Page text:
The four women poets in the Companion who have established international reputations – Eavan Boland, Eiléan Ní Chuilleanáin, Medbh McGuckian and Nuala Ní Dhomhnaill – anticipate the burgeoning contemporary poetry scene as “trailblazers” and form part of a much wider discourse of women’s voices – poets as much as critics – throughout the Companion. During the early phase of the compilation of the Companion, invitations and approaches had been extended to various women academics / writers, some of whom, for different reasons, were not able to commit to contribute to the edition.
Criss-crossing generations and borders in a vibrant conversation within the Companion, the reader encounters Eibhlín Dubh Ní Chonaill, Anne Atik, Patricia Avis, Alice Curtayne, Eilis Dillon, Maud Gonne, Lady Gregory, Katherine Mansfield, Caitlín Maude, Rita Kelly, Sinead Morrissey, Mary Farl Power, Adrienne Rich, Virginia Woolf, Simone Weil, Julia Kristeva, Helen Vendler, Edna Longley, Susan Howe, Antoinette Quinn, Anne Fogarty, Anne Mulhall, Gerardine Meaney, Patricia Boyle Haberstroh, Leontia Flynn, Patricia Fara, Rióna Ní Fhrighil, Clíodhna Ó Gallchoir, Vona Groarke, Patricia Rosenmeyer, Jane Moore, Emer Nolan, Heather Clark, Jane Stabler, Melissa Fegan, Clair Wills, Oona Frawley, Kit Fryatt, among them.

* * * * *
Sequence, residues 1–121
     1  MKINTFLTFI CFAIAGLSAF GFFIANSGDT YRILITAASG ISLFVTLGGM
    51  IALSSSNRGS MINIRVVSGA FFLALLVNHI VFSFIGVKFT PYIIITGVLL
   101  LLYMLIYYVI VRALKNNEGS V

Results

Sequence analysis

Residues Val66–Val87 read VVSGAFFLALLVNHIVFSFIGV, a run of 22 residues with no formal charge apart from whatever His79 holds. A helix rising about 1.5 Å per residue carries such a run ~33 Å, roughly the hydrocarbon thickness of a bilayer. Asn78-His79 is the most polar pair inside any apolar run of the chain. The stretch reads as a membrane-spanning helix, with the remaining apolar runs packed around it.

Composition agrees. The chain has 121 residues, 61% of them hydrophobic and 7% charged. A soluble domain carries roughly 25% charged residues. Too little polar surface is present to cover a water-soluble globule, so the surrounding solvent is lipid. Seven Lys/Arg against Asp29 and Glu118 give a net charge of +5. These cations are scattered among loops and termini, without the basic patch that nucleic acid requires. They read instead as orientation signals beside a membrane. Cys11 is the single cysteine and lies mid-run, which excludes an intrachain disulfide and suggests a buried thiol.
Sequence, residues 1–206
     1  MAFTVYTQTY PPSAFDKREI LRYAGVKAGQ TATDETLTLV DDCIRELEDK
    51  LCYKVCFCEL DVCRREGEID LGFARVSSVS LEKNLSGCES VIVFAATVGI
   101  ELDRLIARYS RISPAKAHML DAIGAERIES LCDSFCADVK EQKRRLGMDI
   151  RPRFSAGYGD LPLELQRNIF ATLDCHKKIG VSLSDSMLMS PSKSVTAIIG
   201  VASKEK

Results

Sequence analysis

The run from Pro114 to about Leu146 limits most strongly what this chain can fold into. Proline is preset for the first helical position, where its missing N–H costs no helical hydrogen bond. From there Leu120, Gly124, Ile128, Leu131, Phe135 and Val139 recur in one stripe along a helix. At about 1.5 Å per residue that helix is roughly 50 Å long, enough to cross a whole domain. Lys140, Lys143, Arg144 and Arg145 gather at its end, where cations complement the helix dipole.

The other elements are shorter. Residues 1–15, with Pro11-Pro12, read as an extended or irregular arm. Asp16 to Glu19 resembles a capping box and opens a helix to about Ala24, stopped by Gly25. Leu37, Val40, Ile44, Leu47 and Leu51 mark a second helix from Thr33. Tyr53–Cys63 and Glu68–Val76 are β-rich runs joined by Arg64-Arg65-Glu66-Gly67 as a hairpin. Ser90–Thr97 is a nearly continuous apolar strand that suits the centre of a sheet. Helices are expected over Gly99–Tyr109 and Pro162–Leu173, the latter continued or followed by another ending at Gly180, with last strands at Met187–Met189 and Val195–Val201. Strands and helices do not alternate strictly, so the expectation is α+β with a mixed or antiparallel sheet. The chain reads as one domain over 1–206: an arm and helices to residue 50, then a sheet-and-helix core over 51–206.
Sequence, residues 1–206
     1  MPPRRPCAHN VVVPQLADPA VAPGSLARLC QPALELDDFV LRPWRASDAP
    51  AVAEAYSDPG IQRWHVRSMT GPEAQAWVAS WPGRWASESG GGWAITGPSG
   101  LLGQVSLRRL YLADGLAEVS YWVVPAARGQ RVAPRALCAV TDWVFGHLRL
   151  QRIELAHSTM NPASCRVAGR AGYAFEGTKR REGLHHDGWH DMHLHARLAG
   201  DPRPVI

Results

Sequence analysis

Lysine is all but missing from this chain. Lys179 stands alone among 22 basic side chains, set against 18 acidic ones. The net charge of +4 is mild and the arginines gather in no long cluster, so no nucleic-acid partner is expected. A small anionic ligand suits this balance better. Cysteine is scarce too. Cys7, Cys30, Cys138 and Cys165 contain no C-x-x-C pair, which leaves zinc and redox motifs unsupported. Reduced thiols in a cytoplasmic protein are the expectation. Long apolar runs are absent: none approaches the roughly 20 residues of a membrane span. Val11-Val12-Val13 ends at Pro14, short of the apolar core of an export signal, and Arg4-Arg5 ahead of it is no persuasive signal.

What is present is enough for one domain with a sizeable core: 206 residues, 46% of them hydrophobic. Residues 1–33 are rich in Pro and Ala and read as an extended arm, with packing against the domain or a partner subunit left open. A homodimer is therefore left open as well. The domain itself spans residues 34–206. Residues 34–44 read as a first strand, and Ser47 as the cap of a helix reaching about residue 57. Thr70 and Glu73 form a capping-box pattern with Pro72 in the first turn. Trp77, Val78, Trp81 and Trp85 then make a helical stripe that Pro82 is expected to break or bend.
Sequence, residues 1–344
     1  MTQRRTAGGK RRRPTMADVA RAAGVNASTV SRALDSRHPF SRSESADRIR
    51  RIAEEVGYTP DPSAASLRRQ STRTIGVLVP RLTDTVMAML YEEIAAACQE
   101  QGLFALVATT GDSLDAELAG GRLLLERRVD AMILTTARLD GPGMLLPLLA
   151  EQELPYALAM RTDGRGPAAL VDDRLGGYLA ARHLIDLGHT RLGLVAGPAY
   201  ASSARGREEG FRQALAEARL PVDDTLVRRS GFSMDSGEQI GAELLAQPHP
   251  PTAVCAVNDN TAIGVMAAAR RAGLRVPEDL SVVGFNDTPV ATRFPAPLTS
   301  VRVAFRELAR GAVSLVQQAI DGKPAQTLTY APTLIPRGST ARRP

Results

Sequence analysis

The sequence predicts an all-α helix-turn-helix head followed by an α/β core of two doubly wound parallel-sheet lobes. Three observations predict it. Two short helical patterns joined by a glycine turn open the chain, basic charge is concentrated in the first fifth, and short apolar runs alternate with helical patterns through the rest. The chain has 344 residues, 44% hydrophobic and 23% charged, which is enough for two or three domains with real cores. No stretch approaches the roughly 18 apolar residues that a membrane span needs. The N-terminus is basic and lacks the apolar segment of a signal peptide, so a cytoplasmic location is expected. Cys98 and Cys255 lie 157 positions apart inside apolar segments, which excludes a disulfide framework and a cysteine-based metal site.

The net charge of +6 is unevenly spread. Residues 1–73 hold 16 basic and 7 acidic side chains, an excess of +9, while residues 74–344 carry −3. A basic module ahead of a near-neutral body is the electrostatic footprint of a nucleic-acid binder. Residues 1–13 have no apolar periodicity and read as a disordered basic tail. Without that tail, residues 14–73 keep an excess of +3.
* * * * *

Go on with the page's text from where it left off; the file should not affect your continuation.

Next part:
When I edited Earth Voices Whispering: an anthology of Irish War Poetry 1914-1945 (2008) the 416 pages included several fascinating Irish women poets who had largely been forgotten; among them, Mary Devenport O’Neill, Blanaid Salkeld, Winifred Letts, Freda Laughton, Eileen Shanahan and Sheila Wingfield. As with The New Younger Irish Poets (1991) I was surprised by the critical silence which, outside the classroom, largely met these exciting inclusions at the time. There is no way of telling about such things.